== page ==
The preoperative plaque diagnosis and evaluation of plaque protrusion (PP) into the stent lumen after stent placement or postdilatation are very important for the prevention of ischemic complications in carotid artery stenting (CAS). The usefulness of intravascular ultrasound (IVUS), which makes these evaluations during CAS possible, is discussed.
Optical coherence tomography (OCT) is an intravascular imaging tool. Its high resolution facilitates detailed examination of intravascular morphological characteristics. In the coronary field, OCT systems are applied as practical clinical diagnostic method. In the carotid artery field, OCT is not covered by health insurance, and it is used as a research tool. We have published many reports on the morphological characteristics of carotid artery lesions on OCT or its application for carotid artery stenting. In this article, we review the application of OCT for carotid artery plaque and its usefulness.
With advances in medical engineering, endoscopy using an optical fiber has become thin with high-image quality and high resolution, and it is used as angioscopy in the vascular disease. Angioscopy has been used in the coronary artery disease since the 1980s and contributed to the clarification of the pathology of coronary artery disease, but fewer studies have been reported in the carotid artery disease. Angioscopy is covered by national health insurance for the coronary artery disease, but it is not covered in the carotid artery disease. After approval by the Ethics Committee and obtaining consent from patients, I diagnose plaque by angioscopy before and after placing a stent in carotid artery stenting (CAS) and observe the blood vessel after stenting, for which safe application of angioscopy is necessary. Using the modified Parodi method + distal filter protection, blood is removed by flashing heparinized saline through a parent catheter and the vascular lumen is observed. When the plaque was examined before placing a stent, the plaque was whitish and indistinguishable from the normal blood vessel in patients treated with CAS in the subacute and chronic phases, but intimal hyperplasia and hemorrhage were noted in plaque in only one patient treated with CAS in the acute phase. Accumulation of acute phase cases may be important to elucidate the pathology of carotid artery plaque on angioscopy.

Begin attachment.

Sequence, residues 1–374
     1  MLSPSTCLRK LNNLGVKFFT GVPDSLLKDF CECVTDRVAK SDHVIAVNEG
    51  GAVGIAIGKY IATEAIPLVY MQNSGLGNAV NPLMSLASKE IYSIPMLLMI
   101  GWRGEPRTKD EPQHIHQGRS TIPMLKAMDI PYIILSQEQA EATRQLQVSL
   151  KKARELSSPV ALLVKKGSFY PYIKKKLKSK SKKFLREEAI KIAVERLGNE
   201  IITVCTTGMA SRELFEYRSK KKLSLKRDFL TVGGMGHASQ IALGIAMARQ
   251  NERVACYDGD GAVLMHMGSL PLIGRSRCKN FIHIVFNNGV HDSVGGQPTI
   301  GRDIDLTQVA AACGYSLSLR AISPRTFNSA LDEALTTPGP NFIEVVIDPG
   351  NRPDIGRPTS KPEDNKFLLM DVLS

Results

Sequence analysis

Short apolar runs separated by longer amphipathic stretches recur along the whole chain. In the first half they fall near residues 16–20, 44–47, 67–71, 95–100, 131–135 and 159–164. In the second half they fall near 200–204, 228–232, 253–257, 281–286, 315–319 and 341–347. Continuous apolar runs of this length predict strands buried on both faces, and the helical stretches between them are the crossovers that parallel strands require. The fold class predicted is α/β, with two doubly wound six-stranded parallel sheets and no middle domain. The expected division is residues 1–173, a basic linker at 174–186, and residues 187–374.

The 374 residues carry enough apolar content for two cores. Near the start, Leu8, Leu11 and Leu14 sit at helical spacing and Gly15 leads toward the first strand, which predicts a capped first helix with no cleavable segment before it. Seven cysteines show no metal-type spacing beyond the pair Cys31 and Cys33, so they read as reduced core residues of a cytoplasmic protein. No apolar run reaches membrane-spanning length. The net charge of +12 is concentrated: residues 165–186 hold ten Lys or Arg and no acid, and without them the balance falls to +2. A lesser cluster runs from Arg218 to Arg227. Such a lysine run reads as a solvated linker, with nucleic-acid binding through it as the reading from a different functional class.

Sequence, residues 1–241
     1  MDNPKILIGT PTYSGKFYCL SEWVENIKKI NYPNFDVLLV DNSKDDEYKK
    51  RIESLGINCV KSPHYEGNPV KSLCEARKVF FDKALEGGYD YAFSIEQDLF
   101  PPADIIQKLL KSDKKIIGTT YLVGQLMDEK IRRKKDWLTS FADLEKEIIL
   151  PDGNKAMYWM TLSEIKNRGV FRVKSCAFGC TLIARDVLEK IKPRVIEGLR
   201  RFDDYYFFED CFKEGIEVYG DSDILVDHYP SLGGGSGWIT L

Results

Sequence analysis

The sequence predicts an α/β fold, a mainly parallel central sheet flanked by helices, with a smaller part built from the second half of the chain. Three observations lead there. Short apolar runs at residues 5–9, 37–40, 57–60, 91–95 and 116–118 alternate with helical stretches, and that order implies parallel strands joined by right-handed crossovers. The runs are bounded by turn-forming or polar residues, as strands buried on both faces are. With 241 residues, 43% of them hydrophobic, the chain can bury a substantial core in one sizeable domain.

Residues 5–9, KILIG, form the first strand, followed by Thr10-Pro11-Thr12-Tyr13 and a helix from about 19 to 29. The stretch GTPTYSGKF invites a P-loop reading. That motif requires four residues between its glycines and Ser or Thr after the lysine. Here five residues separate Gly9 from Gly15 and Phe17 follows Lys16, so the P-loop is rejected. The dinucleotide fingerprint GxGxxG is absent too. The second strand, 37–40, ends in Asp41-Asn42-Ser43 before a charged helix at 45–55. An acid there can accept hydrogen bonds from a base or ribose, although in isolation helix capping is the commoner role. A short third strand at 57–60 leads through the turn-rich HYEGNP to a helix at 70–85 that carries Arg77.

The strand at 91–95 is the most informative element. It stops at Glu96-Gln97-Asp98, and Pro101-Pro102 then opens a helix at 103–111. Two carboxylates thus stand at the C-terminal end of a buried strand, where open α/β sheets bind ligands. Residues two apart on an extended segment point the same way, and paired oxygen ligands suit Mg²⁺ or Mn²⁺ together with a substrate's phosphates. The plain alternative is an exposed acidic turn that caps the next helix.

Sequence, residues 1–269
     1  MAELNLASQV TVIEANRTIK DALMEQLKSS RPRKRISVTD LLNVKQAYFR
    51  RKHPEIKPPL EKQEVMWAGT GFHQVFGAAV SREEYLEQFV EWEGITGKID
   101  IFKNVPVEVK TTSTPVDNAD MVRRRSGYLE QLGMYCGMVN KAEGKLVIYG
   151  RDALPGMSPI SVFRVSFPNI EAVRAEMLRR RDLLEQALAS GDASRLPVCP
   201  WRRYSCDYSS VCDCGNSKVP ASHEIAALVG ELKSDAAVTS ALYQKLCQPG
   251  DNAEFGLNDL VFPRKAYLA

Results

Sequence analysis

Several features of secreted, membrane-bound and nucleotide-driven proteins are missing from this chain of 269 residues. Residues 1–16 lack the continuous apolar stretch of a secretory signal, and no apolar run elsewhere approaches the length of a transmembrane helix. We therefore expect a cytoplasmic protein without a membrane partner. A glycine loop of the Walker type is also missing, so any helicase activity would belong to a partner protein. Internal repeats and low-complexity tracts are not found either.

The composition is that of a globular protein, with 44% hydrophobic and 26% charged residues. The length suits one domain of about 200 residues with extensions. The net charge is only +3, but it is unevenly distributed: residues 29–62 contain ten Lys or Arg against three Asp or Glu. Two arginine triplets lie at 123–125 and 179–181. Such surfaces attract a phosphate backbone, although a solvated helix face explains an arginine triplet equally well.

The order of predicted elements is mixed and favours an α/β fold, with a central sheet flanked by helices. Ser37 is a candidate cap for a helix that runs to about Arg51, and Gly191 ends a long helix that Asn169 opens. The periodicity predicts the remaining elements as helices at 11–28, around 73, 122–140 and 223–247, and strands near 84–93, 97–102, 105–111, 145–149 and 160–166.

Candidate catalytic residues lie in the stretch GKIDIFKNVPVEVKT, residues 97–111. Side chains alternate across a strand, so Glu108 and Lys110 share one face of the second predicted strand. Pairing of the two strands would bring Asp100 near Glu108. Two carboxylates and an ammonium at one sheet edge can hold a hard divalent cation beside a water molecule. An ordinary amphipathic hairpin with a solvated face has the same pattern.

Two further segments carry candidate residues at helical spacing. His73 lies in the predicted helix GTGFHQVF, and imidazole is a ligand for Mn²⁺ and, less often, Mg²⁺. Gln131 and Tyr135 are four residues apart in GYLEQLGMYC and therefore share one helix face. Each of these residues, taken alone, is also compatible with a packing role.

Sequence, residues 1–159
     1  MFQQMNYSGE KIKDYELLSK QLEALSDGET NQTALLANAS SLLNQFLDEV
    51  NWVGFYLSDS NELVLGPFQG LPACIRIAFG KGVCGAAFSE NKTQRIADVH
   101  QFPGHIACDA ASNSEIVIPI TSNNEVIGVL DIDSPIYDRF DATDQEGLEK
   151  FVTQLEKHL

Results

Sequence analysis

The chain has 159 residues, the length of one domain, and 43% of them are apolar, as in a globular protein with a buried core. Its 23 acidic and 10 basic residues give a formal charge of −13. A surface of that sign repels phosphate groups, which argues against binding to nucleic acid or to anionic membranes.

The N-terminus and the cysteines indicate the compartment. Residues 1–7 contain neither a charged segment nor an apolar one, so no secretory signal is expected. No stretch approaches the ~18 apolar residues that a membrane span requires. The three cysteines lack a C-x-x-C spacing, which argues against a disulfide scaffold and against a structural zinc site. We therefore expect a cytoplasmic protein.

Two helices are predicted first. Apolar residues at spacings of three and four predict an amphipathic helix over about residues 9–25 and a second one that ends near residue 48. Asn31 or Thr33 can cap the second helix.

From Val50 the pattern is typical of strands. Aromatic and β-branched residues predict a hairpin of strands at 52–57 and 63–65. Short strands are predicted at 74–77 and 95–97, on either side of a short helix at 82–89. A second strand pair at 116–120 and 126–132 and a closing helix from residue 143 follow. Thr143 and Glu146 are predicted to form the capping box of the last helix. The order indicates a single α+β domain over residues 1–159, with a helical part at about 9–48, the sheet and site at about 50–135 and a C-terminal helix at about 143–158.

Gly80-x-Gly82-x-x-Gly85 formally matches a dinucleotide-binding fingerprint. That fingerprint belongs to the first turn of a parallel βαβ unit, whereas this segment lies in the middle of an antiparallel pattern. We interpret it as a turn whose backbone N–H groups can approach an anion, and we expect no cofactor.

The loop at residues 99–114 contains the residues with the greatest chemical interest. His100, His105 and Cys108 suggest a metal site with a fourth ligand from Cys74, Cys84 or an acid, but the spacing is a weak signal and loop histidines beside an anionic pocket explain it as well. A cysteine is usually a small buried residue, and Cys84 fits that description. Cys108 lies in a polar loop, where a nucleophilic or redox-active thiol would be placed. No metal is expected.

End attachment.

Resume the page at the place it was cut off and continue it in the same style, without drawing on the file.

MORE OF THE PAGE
Positron emission tomography (PET) with 18F-2-deoxy-2-fluoro-D-glucose (FDG) provides valuable metabolic information regarding arteriosclerotic lesions and may be applied for the detection of vulnerable plaque. When FDG, as a glucose analog, is phosphorylated in the intracytoplasmic area, its metabolism stops and remains, so-called intracellular metabolic trapping, and images are made utilizing this characteristic. Pathological examination of extirpated plaque confirmed that FDG accumulation was strongly correlated with the distribution and density of inflammatory cells, especially macrophages. Images suggestive of plaque inflammation and therefore its vulnerability were obtained. Even in patients with relatively slight stenosis, FDG accumulation was often observed; it was not always correlated with the percent stenosis, but quantitative values of FDG uptake or its changes may reflect the progression of arteriosclerosis. FDG is also utilized as a surrogate marker of drug efficacy, such as statin. Some studies indicated its association with vascular events, but no long-term, large-scale, prospective study excluding cancer-bearing patients has been conducted. In the future, data must be further accumulated. Concerning carotid artery lesions, there are no data on the onset of asymptomatic lesions or prediction of treatment-related risks, and future studies may provide promising information.